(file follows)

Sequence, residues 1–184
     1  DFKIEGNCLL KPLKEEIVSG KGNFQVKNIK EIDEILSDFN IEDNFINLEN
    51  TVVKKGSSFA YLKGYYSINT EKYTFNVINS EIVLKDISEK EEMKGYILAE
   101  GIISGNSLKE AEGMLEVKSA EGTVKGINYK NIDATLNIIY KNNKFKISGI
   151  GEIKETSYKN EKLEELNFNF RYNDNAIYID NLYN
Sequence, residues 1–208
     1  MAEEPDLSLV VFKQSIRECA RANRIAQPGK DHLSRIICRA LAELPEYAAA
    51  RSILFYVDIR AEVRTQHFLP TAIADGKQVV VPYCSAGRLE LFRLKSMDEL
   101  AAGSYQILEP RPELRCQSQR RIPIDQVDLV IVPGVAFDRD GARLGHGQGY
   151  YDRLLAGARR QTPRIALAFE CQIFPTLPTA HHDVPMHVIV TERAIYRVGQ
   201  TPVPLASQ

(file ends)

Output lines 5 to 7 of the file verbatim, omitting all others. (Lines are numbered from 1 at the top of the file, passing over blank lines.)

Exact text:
   151  GEIKETSYKN EKLEELNFNF RYNDNAIYID NLYN
Sequence, residues 1–208
     1  MAEEPDLSLV VFKQSIRECA RANRIAQPGK DHLSRIICRA LAELPEYAAA